ARCHEOLOGY – Among the Mayans, the color red was sacred but today it leaves traces. This red color is neither more nor less than mercury, again toxic. In the Mayan archaeological sites located in Central Americameresearchers found fairly worrying levels of mercury in 7 out of 10 monuments. A new study published in the journal Frontiers in Environmental Sciences On September 23, he reports that this mercury pigment was often found near hot springs or in volcanic areas.
“The bright red pigment of cinnabar was a priceless and sacred substance, but unbeknownst to them, it was also deadly, and its legacy lives on in the soils and sediments around ancient Mayan sites.” said Duncan Cook, geoarchaeologist and lead author of this study in the revision Frontier science news.
This marked taste for red prompted the Mayans to use a kind of mercury called cinnabar, which perfectly imitated blood. The Mayans used it especially on the ground during religious ceremonies, but also for painting or simply for decorative purposes.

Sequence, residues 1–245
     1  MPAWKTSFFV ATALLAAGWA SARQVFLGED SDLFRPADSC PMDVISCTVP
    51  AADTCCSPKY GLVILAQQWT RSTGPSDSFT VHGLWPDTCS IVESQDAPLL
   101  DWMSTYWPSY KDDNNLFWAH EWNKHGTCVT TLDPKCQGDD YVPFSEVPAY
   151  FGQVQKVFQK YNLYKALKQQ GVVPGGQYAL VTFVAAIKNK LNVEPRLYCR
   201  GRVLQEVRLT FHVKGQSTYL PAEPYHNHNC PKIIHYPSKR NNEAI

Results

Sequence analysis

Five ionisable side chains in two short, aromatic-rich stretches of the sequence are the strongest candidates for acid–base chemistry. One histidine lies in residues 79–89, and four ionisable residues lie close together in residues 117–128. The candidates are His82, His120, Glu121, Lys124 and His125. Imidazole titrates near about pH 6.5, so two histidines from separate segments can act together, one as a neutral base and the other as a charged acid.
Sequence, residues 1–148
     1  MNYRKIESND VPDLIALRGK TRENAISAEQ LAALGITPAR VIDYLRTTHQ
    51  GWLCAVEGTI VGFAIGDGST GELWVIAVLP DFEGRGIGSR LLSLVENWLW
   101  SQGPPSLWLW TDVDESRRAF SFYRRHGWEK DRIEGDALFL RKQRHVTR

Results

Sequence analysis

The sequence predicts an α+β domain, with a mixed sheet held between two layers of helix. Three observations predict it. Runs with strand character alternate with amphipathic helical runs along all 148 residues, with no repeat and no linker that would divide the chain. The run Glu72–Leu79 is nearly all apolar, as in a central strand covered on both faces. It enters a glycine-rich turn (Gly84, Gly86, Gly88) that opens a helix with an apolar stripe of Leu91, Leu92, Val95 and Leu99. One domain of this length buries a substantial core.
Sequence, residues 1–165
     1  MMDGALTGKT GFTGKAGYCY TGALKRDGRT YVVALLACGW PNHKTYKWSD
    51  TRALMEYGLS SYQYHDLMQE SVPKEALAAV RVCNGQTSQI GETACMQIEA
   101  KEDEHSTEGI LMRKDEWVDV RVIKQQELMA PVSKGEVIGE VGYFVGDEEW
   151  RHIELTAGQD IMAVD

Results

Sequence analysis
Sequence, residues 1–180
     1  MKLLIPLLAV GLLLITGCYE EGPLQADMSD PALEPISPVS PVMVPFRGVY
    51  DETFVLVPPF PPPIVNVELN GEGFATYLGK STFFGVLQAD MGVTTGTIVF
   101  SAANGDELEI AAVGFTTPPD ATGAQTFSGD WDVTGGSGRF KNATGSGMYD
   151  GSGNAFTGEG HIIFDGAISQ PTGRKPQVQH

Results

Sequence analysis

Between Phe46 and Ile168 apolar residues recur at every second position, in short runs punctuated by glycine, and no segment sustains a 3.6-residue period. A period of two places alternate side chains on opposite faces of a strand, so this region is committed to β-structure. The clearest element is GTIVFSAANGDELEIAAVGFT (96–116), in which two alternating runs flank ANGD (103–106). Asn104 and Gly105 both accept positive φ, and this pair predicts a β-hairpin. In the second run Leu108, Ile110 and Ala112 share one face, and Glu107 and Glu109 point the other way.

Pollution dating from the 10th century still present
In collaboration with researchers from the UK and the US, Duncan Cook mapped his research to 10 classical-era sites (where mercury use was most prosperous). Of these 10 sites, 7 had very high levels of mercury to the point that researchers had to wear protective gear.
” The pollution Environmental mercury is typically found in urban areas and contemporary industrial landscapes. Discovering mercury buried deep in the soils and sediments of ancient Mayan cities is difficult to explain, until we start to consider the archeology of the region which tells us that the Mayans used mercury for centuries.” Duncan Cook said.
This is not the first time that researchers have found traces of mercury in Mayan archaeological sites. In a study published by scientific report In 2020, researchers discovered in the ancient Mayan city of Tikal in Guatemala, significant traces of mercury. This toxic product was the source of contamination in the drinking water tanks. The presence of phosphates and algae in the water could be toxic to consumers.
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